7. Improve your skill set.

      Just like people are using their newfound time to learn a language or start meditating, that self-improvement can trickle over to your business too. There are many areas where small businesses could use a boost.

      “It’s time to learn how to write great articles and emails,” Sica says. “It’s important to learn how to get good pictures and videos of yourself, your team, and your product or service. It’s time to learn digital marketing, how to use social media, and how to build an audience organically. It’s time to learn how to vet digital marketing agencies. It’s time to learn how to manage your finances more seriously so you can be more competitive with your pricing and sales offerings.”

      8. Continue to network.

      It might seem counterintuitive to prioritize networking while social distancing, but it’s a great way to keep your business going strong.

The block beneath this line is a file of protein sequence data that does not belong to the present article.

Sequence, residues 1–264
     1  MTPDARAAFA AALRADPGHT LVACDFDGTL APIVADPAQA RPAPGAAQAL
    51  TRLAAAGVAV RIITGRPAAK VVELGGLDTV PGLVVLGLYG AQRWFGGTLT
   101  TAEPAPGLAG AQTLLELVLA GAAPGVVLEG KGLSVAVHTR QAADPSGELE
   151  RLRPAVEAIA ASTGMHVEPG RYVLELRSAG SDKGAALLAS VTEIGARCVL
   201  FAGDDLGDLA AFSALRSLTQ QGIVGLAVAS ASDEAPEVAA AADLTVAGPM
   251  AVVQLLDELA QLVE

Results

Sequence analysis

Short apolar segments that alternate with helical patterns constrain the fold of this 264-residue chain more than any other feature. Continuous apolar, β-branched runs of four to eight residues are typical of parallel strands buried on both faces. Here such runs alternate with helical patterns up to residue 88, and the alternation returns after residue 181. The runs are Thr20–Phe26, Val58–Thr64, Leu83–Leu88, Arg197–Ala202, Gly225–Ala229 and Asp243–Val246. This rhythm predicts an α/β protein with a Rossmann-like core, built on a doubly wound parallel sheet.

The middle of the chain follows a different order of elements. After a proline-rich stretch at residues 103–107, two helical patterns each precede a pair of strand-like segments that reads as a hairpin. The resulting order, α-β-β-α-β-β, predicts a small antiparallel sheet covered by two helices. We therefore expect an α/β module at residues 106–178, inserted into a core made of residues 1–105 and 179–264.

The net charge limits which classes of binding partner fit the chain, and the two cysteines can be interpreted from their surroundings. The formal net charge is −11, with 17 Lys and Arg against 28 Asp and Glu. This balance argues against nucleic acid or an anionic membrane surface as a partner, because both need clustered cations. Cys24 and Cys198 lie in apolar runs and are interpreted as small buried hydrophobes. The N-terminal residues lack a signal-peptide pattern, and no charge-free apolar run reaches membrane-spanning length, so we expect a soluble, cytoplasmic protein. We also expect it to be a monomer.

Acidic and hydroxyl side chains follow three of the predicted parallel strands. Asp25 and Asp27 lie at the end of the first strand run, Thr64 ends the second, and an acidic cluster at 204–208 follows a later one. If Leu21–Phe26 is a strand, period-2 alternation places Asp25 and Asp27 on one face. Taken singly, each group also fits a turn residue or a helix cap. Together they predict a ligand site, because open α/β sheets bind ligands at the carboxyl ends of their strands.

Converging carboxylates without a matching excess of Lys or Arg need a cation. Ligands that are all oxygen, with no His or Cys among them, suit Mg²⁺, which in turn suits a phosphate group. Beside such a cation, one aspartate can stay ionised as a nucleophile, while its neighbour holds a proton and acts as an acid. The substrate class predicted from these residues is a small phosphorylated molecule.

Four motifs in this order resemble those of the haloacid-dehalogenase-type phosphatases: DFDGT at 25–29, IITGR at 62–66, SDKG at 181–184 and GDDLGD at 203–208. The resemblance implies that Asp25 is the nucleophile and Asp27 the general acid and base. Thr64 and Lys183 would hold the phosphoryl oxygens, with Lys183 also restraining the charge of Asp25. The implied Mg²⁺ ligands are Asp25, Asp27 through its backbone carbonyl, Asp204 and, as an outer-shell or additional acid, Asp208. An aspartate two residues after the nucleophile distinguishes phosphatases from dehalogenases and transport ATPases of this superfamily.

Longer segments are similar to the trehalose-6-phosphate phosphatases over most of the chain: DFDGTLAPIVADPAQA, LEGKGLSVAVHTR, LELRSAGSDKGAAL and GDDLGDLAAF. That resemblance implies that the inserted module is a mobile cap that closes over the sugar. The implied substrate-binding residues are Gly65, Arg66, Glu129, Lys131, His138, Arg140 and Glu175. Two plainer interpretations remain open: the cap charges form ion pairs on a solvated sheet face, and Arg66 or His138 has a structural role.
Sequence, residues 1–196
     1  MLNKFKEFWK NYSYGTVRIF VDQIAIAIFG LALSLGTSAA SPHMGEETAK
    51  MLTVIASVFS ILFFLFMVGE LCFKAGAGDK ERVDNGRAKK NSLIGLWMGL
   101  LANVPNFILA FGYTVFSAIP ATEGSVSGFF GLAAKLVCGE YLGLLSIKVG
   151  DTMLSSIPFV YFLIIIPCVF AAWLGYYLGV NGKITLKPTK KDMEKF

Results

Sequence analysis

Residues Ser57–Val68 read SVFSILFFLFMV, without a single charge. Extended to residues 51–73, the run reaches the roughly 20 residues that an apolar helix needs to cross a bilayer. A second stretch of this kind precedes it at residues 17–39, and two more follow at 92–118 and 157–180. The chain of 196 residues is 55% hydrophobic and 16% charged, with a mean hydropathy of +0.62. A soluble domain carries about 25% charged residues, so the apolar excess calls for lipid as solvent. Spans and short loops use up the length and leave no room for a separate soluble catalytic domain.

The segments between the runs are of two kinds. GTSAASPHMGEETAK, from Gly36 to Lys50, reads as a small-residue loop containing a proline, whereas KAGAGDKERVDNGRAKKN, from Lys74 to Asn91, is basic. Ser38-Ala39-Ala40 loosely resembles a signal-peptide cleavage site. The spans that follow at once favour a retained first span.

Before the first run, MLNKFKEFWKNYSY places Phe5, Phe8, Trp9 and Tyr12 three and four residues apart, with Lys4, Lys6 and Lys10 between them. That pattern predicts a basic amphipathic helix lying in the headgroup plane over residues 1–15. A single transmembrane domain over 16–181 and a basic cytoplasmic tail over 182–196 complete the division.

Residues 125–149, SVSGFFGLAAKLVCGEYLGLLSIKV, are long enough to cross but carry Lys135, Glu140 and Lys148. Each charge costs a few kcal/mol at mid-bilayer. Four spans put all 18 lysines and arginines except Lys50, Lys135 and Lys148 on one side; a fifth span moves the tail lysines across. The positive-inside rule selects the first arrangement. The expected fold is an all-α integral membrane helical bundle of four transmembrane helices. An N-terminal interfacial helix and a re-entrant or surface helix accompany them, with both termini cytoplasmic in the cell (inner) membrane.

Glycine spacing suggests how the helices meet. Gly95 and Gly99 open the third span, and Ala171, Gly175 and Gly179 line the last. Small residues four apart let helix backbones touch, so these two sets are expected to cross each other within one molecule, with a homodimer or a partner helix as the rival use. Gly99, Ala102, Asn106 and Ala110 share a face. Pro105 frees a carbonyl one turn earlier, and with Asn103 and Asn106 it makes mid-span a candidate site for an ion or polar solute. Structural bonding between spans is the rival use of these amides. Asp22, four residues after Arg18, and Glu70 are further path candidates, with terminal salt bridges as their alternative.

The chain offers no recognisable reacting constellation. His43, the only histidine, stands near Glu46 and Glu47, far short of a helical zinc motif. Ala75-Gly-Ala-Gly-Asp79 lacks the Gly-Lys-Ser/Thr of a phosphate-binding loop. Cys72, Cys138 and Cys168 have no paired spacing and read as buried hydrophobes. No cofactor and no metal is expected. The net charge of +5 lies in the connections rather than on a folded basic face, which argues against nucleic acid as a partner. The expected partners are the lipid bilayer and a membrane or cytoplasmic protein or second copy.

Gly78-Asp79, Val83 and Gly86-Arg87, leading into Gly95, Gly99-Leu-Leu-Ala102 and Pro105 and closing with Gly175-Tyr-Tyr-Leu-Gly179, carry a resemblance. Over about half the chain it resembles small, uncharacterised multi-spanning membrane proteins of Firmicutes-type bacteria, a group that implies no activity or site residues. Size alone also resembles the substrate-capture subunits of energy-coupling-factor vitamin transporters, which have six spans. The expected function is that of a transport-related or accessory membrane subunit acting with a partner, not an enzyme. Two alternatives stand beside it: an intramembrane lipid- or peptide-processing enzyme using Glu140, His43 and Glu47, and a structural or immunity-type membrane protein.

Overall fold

“Right now everyone is in a similar situation: The economy is struggling, unemployment is high, customers have been told not to leave their houses and businesses have been told to close,” Kase says. “Networking in a time like this can be both therapeutic and educational. It’s therapeutic in the sense that you can commiserate with other small business owners who are dealing with similar problems and educational in the sense that you may be able to learn what has worked well for someone else and try it for your own business. Meeting for coffee may now be talking on LinkedIn or Zoom, but the concept is still the same. There are plenty of places online where small business owners congregate, and a large portion of them would love to network.”

      9. Get feedback.

      It’s always important to know what your colleagues and clients think, but now you might have more time to implement changes based on their suggestions.